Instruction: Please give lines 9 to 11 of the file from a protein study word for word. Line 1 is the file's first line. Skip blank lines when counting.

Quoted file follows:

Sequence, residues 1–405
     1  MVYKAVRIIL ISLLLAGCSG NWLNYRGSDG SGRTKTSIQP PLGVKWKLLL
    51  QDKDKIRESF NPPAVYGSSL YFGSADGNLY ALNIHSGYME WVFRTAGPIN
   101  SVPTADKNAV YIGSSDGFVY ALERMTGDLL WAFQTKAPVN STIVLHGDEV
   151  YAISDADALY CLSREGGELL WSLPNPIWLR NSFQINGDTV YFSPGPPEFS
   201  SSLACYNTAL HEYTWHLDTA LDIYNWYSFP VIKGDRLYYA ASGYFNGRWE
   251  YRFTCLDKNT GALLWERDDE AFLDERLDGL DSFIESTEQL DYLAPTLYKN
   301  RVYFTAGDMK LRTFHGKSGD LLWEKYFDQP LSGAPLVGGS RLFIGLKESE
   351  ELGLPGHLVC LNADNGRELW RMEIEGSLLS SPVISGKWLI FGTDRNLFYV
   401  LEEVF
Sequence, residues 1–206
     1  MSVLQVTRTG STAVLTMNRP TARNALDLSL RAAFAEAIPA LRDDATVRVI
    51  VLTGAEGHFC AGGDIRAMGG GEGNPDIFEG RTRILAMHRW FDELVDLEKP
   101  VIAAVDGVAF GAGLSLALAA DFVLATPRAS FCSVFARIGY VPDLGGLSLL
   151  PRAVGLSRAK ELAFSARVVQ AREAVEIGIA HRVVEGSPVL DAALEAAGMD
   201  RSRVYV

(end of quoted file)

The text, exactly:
   351  ELGLPGHLVC LNADNGRELW RMEIEGSLLS SPVISGKWLI FGTDRNLFYV
   401  LEEVF
Sequence, residues 1–206